Multinationals from former transition
economies in the international economy:
a neglected research area
Magdolna Sass
Institute of Economics CERS of the Hungarian Academy
of Sciences
The Impact of Emerging Multinationals on Global Development
Milan, 30-31 May, 2013
Outline
Work-in-progress
•Introduction/Background
•Research question
•Theoretical background/review of the literature
on the topic
•Method
• Preliminary findings
•Conclusion/future research
Emerging multinationals from former
transition economies
• Country group: Visegrad +Slovenia
• Quick growth since around 1997-2000 (depending on the
country)
• High concentration in terms of the number of investors
(though SMEs as well, even born globals)
• Large ones comparable in size to BRICs EMNEs
• For example, the largest non-financial foreign investor
company in Hungary, MOL (petrol and gas) would be the
third largest locally controlled investor company on the
basis of the size of foreign assets in Brazil, China, Mexico
or Russia (Source: Emerging Market Global Players
project coordinated by the Vale Columbia Center at
Columbia University)
Financials services: the Hungarian OTP Group is the only
local/regional player in CEE region, with 100% of group assets
in the region
DATA AS OF
2008
UniCredit
53%
Raiffeisen
2051%
Erste
157%
KBC
112%
SocGen
(5)
41%
Total Assets(1)
EUR bn
Net Profit(2)
EUR mn
121.6
2,577
85.4
79.3
(4)
1,078
Number of Branches
Countries of
presence(3)
4,005
19
3,231
1,569
2,099
71.6
309
1,940
65.9
1,201
5%
42.5
186
1,781
OTP
n.s.
35.2
958
1,573
12
16
54
7
39
12
2,609
IntesaSP
CEE, % share in Group
Assets
20
16
11
9
6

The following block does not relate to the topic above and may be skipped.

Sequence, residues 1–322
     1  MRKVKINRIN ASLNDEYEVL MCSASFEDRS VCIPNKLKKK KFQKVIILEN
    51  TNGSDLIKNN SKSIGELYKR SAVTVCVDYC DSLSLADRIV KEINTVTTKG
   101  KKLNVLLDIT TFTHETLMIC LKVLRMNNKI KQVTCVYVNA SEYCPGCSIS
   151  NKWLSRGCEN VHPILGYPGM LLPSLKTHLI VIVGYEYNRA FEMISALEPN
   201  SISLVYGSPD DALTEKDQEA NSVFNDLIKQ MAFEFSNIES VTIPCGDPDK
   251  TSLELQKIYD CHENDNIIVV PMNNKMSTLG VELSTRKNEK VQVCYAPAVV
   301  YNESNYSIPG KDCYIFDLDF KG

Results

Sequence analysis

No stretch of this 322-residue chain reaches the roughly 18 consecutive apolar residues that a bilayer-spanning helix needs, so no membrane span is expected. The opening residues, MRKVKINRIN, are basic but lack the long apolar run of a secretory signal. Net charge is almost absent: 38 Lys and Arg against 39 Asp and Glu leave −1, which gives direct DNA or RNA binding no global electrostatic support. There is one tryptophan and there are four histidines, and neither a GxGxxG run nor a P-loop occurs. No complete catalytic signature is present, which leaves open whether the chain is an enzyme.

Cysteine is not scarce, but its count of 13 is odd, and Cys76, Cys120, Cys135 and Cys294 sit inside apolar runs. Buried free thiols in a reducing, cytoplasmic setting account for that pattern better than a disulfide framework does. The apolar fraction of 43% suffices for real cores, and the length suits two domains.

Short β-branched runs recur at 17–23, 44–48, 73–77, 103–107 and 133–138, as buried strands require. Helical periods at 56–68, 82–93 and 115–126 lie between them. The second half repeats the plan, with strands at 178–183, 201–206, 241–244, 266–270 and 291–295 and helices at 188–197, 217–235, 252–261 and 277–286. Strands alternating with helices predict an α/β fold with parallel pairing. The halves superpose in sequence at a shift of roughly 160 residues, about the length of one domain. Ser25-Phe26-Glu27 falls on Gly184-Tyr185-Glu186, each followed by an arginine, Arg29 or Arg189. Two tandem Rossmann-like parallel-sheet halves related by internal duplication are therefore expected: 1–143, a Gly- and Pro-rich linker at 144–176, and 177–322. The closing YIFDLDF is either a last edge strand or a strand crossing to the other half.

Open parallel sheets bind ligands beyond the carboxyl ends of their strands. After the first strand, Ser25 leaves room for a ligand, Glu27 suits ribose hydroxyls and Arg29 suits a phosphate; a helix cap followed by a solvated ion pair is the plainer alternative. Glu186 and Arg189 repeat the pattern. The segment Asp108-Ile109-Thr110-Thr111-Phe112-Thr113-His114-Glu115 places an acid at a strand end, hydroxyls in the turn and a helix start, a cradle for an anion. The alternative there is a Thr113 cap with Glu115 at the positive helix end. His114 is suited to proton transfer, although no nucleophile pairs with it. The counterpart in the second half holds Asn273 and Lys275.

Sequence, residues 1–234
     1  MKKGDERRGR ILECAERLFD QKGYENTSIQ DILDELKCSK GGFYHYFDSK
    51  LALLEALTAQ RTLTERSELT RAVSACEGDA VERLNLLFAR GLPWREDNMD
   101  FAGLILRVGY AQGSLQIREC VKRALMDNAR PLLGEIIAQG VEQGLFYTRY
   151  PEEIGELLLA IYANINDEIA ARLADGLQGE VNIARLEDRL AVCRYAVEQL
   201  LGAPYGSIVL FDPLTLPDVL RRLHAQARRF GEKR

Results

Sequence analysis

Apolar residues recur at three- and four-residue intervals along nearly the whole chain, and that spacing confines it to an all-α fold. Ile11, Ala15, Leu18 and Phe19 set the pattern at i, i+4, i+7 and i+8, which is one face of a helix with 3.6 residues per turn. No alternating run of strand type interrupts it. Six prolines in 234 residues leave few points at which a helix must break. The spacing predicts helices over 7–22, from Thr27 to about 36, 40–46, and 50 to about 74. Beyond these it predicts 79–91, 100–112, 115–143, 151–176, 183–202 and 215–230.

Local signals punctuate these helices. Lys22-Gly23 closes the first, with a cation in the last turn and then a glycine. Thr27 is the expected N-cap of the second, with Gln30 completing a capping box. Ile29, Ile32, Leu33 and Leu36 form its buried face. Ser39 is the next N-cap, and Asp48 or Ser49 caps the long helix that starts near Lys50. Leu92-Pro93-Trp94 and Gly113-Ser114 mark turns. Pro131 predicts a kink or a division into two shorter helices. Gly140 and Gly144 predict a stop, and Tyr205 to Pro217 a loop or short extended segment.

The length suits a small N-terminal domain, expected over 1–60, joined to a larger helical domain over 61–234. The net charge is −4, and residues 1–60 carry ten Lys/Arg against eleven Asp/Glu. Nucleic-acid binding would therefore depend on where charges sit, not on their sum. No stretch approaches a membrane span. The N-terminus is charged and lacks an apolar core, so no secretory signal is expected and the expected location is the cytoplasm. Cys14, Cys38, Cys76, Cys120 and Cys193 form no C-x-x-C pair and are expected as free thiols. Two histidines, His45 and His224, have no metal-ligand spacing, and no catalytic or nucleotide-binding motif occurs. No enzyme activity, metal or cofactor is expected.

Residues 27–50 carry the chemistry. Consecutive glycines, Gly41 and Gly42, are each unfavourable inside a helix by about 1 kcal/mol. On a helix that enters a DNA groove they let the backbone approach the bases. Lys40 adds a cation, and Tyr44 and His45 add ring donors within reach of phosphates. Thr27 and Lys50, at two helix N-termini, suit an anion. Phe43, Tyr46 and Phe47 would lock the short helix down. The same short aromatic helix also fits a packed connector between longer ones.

7
100
..% Contribution of CEE in Group Net Profit (After tax, after minority interests)
Notes: (1) 100% of total assets, and profit after tax (before minority interests) for controlled companies (stake > 50%) and pro rata for non- controlled companies (stake < 50%).
(2) After tax, before minority interest. (3) Including direct and indirect presence in the 25 CEE countries, excluding representative offices. (4) KBC Group recorded a loss in 2008.
(5) SocGen including ProFin Bank in Ukraine.
Source: UniCredit Group CEE Strategic Analysis
4
Research question
• Are EMNEs from former transition economies
(V4+Slovenia) different from developed
country MNEs and other emerging MNEs in
terms of the characteristics of their foreign
expansion and their host/home impact?
• What are the consequences for the macro
level (and for economic policy)?
• Descriptive
Theoretical background/a short review
of the literature on the topic
• Dunning: OLI
• Johansson and Vahlne: stages internationalisation – the
importance of psychic distance
• (empirical) literature on emerging multinationals (e.g.
Aykut and Goldsten, 2006; Sauvant, 2009; Andreff, Balcet,
2011; Sosa Andrés et al., 2012), difference between
developed country / „traditional” multinationals and
EMNEs
• Empirical literature on post-transition/CEE multinationals
(scarce, more rcently Svetlicic (2004), Svetlicic and Jaklic
(2006), Rugraff (2010), Radlo-Sass (2012), otherwise
because of large country differences, concentrating on one
country)
Method
• Detailed company case studies of the largest locally
controlled investor firms in Hungary (later other countries)
• semi-structured, questionnaire-based interviews with the
leading managers, other sources of info: balance sheets,
journal and newspaper articles +
• Info gathered in the framework of the EMGP project (since
2009 three questionnaire surveys)
• MOL (petrol and gas), OTP (financial services), Richter
(pharmaceuticals), Videoton (electronics) and TriGránit (real
estate development)
• These five companies are estimated to account for at least
half of the total stock of Hungarian OFDI
• All locally controlled (indigenous)
• Selected company characteristics analysed
• (Macrodata - BOP: unreliable even what is available
(geographical composition, sector) – V4: Radlo, Sass (2012),
problems with company level data as well)
Preliminary findings 1: why the relaive
negligence? These EMNEs have regional (CEE->
Europe) than global significance (2011, only
affiliates)
Company
No. Of
foreign
affiliates
Geogr.
Comp.
Middle East
and North
Africa
MOL Group
36
%
3
Gedeon
Richter
34
%
Videoton
2
OTP
TriGránit
Developed
Asia-Pacific
Eastern
Europe and
Central Asia
Other Europe
(WE+
CEE+
SEE)
3
94
13
81
%
50
50
9
%
22
78
(8)
%